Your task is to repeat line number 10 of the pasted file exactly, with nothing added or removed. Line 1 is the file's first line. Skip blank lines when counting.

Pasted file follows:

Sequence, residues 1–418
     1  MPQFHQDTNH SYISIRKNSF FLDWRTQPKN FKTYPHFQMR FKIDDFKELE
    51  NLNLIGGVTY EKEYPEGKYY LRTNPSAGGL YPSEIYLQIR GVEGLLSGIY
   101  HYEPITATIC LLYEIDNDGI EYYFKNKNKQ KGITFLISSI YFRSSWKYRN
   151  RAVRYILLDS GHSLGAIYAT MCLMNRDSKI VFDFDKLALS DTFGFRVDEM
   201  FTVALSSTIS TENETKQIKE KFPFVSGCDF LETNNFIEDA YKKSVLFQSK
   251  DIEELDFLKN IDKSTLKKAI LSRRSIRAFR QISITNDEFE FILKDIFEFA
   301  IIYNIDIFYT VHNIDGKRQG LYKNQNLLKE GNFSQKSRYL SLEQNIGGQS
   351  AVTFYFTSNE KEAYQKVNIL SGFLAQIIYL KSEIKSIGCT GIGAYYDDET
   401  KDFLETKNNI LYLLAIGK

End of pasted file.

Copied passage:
   401  KDFLETKNNI LYLLAIGK